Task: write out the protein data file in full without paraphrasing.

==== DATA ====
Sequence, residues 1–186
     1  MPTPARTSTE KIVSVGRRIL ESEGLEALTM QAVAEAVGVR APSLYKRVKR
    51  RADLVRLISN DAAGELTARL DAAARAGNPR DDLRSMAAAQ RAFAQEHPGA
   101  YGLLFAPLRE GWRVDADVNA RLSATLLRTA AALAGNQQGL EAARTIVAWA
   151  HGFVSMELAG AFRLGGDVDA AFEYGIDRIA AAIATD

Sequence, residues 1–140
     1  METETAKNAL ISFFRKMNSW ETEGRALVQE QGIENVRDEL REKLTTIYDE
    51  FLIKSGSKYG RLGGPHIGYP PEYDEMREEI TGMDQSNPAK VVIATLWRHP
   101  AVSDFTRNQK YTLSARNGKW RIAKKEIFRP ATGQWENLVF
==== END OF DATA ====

Sequence, residues 1–186
     1  MPTPARTSTE KIVSVGRRIL ESEGLEALTM QAVAEAVGVR APSLYKRVKR
    51  RADLVRLISN DAAGELTARL DAAARAGNPR DDLRSMAAAQ RAFAQEHPGA
   101  YGLLFAPLRE GWRVDADVNA RLSATLLRTA AALAGNQQGL EAARTIVAWA
   151  HGFVSMELAG AFRLGGDVDA AFEYGIDRIA AAIATD

Sequence, residues 1–140
     1  METETAKNAL ISFFRKMNSW ETEGRALVQE QGIENVRDEL REKLTTIYDE
    51  FLIKSGSKYG RLGGPHIGYP PEYDEMREEI TGMDQSNPAK VVIATLWRHP
   101  AVSDFTRNQK YTLSARNGKW RIAKKEIFRP ATGQWENLVF